23. March JG, Olsen JP (1998) The institutional dynamics of international political orders. Int Organ 52(4):943–969CrossRefGoogle Scholar
  24. Neumann IB (1995) Russia and the idea of Europe: a study in identity and international relations. Routledge, London/New YorkGoogle Scholar
  25. Novosti R (2013) Russia ready to ‘eradicate’ double standards at UN rights body. Accessed 12 January 2014
  26. Prichard A (2013) Justice and EU foreign policy. J Contemp Eur Stud 21(3):413–429CrossRefGoogle Scholar
  27. Pushkov A (2014) Russia’s European policy. Valdai discussion club. Accessed 21 February 2014
  28. Risse T (2000) ‘Let’s argue!’ Communicative action in world politics. Int Organ 54(1):1–39CrossRefGoogle Scholar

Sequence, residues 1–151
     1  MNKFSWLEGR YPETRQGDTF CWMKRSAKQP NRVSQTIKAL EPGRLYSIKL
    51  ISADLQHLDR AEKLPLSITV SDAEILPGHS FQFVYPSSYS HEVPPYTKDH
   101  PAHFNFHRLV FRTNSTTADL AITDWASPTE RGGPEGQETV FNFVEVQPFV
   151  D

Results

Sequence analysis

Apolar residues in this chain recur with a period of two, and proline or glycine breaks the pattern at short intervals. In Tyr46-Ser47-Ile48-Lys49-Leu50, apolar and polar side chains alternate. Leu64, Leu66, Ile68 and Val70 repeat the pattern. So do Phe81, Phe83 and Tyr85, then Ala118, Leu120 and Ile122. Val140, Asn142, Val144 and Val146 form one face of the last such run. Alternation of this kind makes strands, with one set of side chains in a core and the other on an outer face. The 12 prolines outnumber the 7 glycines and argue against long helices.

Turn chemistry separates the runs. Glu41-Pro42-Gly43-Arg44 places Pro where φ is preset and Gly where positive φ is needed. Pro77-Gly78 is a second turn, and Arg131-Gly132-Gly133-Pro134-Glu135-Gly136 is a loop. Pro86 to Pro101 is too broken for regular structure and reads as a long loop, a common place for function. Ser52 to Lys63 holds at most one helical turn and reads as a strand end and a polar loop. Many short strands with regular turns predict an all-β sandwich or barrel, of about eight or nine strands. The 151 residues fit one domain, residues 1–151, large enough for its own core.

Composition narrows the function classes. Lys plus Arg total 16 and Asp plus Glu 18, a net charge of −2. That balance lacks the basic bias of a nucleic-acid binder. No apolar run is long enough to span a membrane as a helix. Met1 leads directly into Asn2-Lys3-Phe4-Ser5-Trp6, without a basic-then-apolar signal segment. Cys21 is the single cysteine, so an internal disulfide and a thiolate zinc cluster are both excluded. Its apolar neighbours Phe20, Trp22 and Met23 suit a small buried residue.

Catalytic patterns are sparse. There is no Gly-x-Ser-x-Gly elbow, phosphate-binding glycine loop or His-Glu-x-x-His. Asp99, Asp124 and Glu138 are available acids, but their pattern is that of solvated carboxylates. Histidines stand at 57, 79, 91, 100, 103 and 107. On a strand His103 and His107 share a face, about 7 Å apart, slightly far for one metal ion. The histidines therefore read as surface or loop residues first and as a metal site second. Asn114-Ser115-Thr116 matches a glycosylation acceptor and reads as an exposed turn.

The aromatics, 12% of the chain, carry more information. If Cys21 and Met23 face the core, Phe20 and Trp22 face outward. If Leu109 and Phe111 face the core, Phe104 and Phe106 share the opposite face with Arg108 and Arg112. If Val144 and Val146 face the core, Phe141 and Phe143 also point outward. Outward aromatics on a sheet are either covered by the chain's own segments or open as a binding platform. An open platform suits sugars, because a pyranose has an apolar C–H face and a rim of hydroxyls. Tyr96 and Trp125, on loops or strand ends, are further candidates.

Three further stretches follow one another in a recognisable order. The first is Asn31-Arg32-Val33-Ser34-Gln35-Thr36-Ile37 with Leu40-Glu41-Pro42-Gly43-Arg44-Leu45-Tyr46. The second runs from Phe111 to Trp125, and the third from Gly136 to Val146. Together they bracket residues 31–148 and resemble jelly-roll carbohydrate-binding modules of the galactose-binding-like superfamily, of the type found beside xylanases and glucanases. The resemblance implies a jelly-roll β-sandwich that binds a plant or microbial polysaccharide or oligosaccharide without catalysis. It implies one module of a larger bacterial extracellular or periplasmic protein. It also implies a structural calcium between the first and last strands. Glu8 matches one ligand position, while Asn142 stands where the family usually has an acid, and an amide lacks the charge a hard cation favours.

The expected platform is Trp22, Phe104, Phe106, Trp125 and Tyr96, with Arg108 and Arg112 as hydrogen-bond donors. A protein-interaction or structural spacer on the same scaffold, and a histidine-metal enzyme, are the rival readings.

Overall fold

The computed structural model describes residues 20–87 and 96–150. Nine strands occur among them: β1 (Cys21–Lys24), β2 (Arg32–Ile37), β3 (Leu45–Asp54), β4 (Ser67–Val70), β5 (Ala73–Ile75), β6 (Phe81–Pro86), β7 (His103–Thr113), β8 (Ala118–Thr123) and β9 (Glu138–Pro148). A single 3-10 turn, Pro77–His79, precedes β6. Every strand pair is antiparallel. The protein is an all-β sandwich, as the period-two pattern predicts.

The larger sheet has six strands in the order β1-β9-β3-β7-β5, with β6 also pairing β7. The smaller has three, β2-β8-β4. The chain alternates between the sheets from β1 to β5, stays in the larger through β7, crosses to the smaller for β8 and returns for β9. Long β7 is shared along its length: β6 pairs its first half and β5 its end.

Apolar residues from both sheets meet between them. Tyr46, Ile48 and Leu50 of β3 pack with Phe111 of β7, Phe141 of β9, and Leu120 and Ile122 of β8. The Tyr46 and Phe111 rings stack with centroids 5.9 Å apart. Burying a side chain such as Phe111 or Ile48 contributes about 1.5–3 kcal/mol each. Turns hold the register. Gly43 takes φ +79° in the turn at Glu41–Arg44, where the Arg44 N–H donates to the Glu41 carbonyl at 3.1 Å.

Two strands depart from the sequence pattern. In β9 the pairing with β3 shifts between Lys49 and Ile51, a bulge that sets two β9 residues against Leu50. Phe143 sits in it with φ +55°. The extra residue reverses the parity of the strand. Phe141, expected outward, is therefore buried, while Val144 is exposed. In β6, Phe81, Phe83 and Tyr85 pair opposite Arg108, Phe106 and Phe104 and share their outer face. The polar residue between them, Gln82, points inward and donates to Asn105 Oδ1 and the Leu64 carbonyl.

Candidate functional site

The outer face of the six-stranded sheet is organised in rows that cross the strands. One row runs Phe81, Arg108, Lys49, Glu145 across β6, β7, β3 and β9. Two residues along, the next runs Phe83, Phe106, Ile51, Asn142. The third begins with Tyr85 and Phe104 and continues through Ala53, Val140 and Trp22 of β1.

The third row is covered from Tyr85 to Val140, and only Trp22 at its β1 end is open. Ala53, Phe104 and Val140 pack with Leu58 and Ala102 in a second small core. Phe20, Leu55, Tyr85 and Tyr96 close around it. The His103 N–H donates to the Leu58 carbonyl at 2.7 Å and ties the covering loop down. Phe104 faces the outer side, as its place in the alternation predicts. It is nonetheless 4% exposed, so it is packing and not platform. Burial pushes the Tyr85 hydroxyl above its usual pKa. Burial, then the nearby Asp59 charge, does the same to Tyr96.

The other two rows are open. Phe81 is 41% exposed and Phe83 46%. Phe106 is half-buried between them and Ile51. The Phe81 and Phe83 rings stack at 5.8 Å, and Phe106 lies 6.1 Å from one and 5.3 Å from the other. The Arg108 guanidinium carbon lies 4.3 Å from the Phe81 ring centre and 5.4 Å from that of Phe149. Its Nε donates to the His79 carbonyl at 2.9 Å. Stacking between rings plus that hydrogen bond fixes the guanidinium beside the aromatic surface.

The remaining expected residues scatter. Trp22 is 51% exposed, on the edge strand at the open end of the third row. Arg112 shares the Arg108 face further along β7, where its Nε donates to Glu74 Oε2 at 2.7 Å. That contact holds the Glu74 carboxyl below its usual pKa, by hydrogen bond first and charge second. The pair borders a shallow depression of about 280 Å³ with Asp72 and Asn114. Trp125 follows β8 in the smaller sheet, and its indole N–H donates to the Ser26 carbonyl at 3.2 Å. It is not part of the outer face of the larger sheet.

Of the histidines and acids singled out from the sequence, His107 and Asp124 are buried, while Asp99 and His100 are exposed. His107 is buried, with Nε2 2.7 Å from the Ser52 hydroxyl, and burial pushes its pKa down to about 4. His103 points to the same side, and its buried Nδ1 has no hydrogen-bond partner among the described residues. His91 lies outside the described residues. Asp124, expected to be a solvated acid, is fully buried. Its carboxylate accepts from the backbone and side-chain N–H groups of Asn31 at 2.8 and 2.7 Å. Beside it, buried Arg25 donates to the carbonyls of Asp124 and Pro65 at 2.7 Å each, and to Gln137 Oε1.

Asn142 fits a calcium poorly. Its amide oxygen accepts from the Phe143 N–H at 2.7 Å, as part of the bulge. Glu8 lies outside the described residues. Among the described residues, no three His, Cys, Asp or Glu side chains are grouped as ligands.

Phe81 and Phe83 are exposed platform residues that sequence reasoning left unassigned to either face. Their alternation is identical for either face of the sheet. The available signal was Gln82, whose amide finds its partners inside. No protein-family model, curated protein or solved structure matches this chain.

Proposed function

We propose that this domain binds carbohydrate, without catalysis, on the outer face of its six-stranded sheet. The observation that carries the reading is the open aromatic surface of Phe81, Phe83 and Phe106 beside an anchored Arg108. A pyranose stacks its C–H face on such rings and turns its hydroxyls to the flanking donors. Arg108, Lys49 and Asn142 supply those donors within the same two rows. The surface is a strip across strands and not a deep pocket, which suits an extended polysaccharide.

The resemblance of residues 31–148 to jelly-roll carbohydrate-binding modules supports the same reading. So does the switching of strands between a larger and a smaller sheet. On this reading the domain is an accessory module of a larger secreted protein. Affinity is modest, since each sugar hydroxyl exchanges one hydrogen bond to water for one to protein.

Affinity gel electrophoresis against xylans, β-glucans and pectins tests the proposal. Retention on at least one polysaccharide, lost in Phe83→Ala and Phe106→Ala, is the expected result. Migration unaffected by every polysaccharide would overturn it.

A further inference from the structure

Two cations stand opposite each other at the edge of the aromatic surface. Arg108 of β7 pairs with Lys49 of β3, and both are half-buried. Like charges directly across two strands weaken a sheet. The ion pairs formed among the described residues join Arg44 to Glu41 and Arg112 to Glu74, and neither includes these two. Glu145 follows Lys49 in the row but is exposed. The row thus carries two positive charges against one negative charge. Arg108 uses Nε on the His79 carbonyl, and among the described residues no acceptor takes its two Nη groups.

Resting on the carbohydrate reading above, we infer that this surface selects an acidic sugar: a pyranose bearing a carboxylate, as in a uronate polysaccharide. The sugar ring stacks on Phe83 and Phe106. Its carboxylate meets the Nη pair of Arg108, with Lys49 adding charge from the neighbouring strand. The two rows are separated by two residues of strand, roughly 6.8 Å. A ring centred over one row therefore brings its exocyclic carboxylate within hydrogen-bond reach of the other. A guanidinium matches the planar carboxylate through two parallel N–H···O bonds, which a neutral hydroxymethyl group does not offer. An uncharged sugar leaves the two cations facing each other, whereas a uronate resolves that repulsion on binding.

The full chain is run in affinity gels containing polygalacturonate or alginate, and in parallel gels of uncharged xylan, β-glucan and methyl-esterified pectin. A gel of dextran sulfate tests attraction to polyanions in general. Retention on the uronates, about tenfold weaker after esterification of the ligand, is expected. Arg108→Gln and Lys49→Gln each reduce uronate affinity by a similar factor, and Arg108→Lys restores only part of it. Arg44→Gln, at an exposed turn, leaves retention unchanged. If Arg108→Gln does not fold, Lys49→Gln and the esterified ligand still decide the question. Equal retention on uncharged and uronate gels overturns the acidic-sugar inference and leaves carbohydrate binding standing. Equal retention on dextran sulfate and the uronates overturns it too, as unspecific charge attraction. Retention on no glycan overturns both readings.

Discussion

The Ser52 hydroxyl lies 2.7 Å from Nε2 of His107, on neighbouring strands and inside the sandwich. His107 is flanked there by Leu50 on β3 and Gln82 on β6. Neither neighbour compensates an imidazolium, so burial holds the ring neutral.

29. RT (2014) Russia blasts PACE’s ‘double standard’ resolution on Ukraine. Accessed 18 February 2014
  30. Schimmelfennig F (2001) The community trap: liberal norms, rhetorical action, and the eastern enlargement of the European Union. Int Organ 55(1):47–80CrossRefGoogle Scholar
  31. The Economist (2008) Whataboutism. Come again, Comrade? Accessed 28 April 2014
  32. van Rompuy H (2014) Remarks by president of the European Council Herman Van Rompuy following the extraordinary meeting of EU heads of state or government on Ukraine. EUCO. 55/14. Accessed 7 March 2014
  33. von Eggert K (2012) Due west: ‘Whataboutism’ is back—and thriving. Ria Novosti. Accessed 28 April 2014

Copyright information

© Springer-Verlag Berlin Heidelberg 2015

Authors and Affiliations

  1. 1.University of OtagoDunedinNew Zealand

Personalised recommendations